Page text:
There Are Various Reasons That Husbands Ignore Your Calls During The Separation. Not All Of These Reasons Are Negative: Many wives will assume that their husband ignoring their phone calls mean that he doesn’t want to hear from them, that he’s sending a negative message, or that this is the first step of him completely distancing himself from his wife and from his marriage.  Sometimes, these assumptions may be at least somewhat accurate.  But, every husband who doesn’t immediately call his wife back during the separation has negative motivations.

Sometimes, the husband is just trying to take some time for himself and he wants some distance in order to be able to fully explore his feelings and thoughts.  (In fact, this is one reason that many husbands will give you for wanting a separation.) And often, when they feel that they aren’t getting this, they will do things to assert themselves or to make it more likely that they will get what they have asked for.  So, this is just one of many possibilities.

It can be a mistake to assume the worst or to allow your mind to immediately jump to the worst case scenario.  And usually when this happens, there’s a real risk that you will over reach, keep calling, and make things even worse.  I’ve had husbands in this situation tell me that that their wife’s insistence that he finally pay attention to her rose to an alarming level.  (I’ve even heard the word stalking used a time or two. This happened to me in my own situation when I was trying to save my marriage.)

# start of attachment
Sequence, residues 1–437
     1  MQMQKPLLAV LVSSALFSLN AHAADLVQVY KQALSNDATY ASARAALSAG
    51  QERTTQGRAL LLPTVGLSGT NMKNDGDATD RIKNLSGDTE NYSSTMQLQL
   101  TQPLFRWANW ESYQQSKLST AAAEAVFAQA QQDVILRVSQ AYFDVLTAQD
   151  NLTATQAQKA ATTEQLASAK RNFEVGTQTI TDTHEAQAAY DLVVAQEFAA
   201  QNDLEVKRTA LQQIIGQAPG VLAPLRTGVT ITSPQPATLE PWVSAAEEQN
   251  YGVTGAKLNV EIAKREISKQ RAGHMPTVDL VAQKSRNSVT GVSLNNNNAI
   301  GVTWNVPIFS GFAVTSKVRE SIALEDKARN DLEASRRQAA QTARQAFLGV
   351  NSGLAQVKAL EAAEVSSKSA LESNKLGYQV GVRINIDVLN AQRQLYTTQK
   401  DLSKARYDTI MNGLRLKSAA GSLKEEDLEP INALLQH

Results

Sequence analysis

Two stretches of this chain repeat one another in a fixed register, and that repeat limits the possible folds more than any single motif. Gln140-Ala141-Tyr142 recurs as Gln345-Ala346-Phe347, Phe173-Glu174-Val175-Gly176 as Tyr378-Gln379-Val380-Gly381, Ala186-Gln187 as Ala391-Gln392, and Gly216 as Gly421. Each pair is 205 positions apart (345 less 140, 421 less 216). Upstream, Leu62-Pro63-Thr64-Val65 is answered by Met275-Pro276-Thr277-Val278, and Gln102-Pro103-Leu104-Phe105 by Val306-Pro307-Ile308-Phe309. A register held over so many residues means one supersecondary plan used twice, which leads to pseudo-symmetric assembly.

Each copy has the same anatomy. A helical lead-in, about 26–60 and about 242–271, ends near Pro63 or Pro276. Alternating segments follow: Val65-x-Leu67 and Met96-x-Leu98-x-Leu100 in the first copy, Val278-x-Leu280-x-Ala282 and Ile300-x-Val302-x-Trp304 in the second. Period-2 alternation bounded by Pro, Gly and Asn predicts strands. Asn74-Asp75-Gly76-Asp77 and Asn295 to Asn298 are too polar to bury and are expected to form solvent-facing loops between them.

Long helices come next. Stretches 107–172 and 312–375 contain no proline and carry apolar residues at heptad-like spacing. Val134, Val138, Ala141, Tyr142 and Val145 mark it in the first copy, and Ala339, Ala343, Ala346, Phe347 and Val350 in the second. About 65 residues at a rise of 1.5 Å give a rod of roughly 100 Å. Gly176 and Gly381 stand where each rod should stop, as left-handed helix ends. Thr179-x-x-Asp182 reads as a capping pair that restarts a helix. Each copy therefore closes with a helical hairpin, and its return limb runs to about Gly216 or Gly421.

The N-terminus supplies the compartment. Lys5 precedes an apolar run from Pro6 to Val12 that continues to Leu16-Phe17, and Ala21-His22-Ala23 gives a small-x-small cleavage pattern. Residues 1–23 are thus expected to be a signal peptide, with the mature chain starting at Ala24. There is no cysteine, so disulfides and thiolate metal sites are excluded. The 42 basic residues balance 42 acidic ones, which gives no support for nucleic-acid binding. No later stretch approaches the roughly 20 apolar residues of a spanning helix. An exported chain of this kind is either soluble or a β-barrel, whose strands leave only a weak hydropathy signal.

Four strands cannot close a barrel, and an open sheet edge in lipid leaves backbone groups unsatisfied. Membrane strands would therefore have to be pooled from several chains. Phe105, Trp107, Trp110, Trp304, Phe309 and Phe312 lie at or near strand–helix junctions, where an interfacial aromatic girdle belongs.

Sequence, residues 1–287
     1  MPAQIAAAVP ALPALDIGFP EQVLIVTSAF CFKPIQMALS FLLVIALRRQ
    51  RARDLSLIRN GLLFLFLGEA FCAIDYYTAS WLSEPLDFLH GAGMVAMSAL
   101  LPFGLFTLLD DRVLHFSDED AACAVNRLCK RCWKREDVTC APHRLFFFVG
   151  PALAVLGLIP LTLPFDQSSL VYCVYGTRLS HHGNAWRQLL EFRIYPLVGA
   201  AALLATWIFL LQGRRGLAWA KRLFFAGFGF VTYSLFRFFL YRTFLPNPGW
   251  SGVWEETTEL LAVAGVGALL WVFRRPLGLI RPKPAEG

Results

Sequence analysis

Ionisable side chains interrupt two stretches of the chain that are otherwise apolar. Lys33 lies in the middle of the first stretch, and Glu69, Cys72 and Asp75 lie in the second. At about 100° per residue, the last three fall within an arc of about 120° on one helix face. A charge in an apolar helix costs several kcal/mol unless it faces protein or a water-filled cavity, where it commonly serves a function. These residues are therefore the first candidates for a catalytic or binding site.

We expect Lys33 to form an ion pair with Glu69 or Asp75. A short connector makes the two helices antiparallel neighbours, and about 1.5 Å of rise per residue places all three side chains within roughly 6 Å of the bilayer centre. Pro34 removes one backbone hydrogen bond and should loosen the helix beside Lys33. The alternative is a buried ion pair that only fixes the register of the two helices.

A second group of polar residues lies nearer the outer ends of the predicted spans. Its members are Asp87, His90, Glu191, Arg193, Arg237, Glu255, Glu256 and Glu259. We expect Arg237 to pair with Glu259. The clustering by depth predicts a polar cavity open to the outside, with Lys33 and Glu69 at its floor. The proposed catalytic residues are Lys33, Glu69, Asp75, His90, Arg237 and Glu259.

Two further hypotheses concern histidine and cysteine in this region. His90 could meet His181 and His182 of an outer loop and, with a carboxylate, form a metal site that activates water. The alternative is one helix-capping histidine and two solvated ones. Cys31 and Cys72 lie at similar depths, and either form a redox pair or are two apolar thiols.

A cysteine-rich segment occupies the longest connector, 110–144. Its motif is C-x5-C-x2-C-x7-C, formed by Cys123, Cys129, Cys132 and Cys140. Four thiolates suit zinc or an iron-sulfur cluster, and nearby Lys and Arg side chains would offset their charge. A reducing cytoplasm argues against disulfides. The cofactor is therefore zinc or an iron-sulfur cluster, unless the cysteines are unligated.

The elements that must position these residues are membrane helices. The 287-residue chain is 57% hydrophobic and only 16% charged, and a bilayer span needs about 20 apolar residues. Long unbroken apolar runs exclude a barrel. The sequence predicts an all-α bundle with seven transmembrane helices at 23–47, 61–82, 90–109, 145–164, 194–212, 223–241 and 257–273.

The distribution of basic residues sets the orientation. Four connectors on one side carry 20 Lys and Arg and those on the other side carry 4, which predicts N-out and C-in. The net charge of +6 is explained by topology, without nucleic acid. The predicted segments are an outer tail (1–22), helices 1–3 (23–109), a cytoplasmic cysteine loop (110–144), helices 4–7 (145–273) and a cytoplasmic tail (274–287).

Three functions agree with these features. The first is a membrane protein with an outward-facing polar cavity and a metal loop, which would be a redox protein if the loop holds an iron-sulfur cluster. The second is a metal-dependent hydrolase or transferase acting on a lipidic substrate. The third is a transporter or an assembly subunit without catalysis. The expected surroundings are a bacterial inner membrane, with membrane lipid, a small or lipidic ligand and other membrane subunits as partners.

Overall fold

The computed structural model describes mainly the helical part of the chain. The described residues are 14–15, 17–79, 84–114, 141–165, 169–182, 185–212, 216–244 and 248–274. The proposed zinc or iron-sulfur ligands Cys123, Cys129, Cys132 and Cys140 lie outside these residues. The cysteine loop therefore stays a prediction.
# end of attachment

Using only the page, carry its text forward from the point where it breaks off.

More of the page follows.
This is an easy trap to fall into, but I’d recommend making every effort to avoid this if it’s at all possible.  I’ll discuss how right now.

How To Handle It When You’re Husband Is Ignoring Your Calls During The Separation: As I see it (and from my own experience,) you have two options.  You can continue to reach out in the hopes that he will eventually respond(at a risk, of course.)  Or, you can back off a little bit as a strategic decision.  It’s my experience that although backing off can feel just wrong, risky, and vulnerable, it actually has a much higher success rate.